Advice For Stress Management In The Workplace

It’s no secret that more of us are feeling more stressed than ever, both in our general lives and at work.


A recent article for Training Zone highlighted figures from the UK’s Health and Safety Executive (HSE), which revealed that in 2018-19 there were 602,000 cases of stress, anxiety or depression in the workplace, up from the 595,000 reported in 2017-18.


The news provider also pointed out that poor mental health is costing the UK economy an estimated £35 billion a year, largely due to reduced productivity.


It also stressed that the training industry needs to do its part to help employees feel as though they have the support they need and are able to talk about mental health issues without fear of being stigmatised.


The fact that workload and a lack of support were cited among the main reasons for people experiencing stress at work “indicates that mental health initiatives are not yet normalised amongst company leaders who are either missing the warning signs of deteriorating mental health, or else shrugging them off,” the news site asserted.


While it’s encouraging to see businesses looking for ways to improve the support they provide, it’s not necessarily a quick fix. If you’re struggling with stress, anxiety or depression, either due to work or other circumstances, you won’t be able to wait until company culture has caught up.


If you’re finding that stress is getting on top of you at work, you could try some of the suggestions from Thrive Global about how to overcome stress while you’re at work.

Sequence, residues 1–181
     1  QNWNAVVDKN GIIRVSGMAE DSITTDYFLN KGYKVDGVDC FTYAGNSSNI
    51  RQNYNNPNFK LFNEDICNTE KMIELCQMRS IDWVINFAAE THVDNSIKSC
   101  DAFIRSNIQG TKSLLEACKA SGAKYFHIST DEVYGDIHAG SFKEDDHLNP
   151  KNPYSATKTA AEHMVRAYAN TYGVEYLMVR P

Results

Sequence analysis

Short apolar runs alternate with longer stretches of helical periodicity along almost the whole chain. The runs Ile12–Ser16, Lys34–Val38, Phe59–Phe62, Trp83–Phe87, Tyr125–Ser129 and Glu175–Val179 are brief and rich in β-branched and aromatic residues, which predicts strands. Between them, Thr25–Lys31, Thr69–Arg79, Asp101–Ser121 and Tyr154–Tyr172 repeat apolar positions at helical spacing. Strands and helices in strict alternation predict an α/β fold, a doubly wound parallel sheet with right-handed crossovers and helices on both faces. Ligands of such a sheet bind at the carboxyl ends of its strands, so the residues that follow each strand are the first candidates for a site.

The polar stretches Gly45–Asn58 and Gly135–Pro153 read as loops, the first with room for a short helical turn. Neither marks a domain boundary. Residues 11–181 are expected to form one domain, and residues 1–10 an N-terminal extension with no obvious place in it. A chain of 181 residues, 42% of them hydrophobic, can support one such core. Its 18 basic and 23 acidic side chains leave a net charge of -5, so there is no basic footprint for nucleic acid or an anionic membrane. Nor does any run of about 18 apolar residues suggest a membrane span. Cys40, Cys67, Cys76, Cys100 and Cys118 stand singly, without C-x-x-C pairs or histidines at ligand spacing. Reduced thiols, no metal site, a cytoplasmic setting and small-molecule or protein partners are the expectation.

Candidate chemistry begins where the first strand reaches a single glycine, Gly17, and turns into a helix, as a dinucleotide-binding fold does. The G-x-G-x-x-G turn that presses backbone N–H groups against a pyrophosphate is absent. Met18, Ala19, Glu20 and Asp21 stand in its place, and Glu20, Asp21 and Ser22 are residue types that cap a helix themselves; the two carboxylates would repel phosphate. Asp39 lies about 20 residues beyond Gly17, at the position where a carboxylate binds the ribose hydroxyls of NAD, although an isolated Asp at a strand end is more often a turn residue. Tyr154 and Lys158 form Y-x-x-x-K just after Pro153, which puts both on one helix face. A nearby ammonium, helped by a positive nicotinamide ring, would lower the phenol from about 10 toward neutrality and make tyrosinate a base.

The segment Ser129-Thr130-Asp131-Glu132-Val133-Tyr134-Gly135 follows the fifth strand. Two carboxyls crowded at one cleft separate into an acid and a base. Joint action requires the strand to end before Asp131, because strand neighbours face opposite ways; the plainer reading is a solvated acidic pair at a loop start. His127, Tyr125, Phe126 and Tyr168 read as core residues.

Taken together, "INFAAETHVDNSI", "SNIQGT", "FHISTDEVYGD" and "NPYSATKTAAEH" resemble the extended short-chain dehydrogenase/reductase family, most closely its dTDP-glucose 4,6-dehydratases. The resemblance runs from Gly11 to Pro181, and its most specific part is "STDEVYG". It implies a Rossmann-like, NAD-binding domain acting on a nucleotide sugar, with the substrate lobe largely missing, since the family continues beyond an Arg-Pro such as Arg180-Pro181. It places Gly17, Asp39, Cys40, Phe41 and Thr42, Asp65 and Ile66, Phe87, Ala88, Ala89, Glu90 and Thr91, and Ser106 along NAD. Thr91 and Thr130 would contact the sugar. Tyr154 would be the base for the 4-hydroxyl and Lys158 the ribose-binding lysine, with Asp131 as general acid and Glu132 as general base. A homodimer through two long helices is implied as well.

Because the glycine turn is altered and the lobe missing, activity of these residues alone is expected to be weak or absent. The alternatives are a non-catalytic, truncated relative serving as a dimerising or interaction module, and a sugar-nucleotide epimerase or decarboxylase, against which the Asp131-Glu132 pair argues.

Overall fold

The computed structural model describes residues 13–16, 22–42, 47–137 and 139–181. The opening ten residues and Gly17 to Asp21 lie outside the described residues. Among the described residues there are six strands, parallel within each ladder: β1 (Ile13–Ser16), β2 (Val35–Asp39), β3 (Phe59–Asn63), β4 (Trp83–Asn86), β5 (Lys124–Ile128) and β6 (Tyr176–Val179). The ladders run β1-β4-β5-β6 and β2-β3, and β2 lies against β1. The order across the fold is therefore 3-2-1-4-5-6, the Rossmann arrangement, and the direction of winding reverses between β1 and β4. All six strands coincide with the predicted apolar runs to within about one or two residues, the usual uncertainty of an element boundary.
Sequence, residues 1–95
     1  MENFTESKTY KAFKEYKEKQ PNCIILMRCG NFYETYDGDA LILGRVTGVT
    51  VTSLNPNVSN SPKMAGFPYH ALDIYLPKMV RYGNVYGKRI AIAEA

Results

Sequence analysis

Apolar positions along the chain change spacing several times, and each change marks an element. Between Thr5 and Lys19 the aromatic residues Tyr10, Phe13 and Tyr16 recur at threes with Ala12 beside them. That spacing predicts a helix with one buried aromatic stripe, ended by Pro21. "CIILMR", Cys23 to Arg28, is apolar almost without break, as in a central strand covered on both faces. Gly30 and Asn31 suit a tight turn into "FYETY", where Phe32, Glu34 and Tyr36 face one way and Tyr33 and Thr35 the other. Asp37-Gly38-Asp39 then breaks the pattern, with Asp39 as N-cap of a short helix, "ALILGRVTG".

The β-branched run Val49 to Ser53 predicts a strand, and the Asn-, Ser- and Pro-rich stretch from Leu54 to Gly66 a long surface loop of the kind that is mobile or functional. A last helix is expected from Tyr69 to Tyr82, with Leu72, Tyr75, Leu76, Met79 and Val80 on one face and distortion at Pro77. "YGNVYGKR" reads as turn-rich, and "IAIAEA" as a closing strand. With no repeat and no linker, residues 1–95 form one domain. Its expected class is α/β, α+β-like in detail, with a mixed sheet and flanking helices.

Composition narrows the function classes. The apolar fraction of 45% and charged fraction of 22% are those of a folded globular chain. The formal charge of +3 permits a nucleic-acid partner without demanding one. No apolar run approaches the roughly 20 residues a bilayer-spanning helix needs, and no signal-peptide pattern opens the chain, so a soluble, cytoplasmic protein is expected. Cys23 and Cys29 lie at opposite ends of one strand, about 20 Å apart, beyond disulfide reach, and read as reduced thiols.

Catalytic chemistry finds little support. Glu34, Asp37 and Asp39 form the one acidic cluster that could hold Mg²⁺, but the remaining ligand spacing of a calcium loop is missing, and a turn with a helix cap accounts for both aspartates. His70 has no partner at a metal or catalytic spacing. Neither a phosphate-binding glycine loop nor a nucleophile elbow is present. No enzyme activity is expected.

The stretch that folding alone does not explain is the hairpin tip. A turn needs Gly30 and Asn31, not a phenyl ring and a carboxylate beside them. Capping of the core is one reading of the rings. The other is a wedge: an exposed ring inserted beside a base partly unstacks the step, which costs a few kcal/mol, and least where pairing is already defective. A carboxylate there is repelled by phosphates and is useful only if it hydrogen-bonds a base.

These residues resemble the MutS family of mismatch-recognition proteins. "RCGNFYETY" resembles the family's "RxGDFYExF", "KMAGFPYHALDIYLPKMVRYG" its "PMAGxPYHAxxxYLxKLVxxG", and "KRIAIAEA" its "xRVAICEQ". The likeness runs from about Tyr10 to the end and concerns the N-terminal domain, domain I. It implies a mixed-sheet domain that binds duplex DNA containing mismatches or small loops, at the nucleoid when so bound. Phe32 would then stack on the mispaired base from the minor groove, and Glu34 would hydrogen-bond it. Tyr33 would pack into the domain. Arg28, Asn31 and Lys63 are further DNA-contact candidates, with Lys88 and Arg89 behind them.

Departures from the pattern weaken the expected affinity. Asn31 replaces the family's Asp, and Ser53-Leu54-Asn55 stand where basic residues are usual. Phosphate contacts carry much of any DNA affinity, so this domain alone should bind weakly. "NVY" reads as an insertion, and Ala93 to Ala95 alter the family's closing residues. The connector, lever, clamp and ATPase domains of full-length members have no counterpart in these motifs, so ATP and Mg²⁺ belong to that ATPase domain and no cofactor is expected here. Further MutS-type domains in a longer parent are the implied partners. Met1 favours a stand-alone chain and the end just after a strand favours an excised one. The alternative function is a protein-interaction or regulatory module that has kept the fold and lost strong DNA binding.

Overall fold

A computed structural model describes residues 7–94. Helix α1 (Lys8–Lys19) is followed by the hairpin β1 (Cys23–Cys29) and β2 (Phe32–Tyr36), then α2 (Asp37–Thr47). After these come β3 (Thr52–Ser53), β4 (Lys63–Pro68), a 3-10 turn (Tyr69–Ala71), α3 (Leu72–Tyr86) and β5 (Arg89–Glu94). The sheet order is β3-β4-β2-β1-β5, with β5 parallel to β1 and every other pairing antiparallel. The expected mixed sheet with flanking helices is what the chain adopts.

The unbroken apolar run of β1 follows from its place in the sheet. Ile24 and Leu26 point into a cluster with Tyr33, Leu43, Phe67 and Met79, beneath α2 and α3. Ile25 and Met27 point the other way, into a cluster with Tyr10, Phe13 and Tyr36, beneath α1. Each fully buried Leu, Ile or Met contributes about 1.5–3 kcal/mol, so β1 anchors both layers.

You may also find that seeing a mindfulness-based therapist in Wimbledon, or wherever you live, is a good way to get the support you need and develop techniques that help you to cope with the stress in your life.


One area to focus on, according to Thrive Global, is developing positive self talk. This means instead of telling yourself things like, ‘I can’t do this’, you tell yourself, ‘I can do this’.


This might seem like a simple change, but it’s one that can have a big impact because negative self talk will increase mental stress, while positive self talk will have a calming effect.


Another thing to incorporate into your daily life is some form of exercise. That doesn’t have to mean hitting the gym if that’s not what you’re into. It could be as simple as going for a walk on your lunch break, or cycling to work instead of driving. Even playing an activity-based video game can get your body moving.


The quality of your sleep often suffers when you undergo stress. But getting a good night’s rest will often help alleviate some of the strain you’re feeling. The news provider recommends setting up a bedtime routine to ensure that you’re relaxed when you go to bed.


That means avoiding doing any taxing work for at least a couple of hours before you want to sleep, making sure that your bedroom is noise-free and calm, and avoiding drinking caffeine or alcohol before bed.

The Mindful Therapist

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e: alex@themindfultherapist.co

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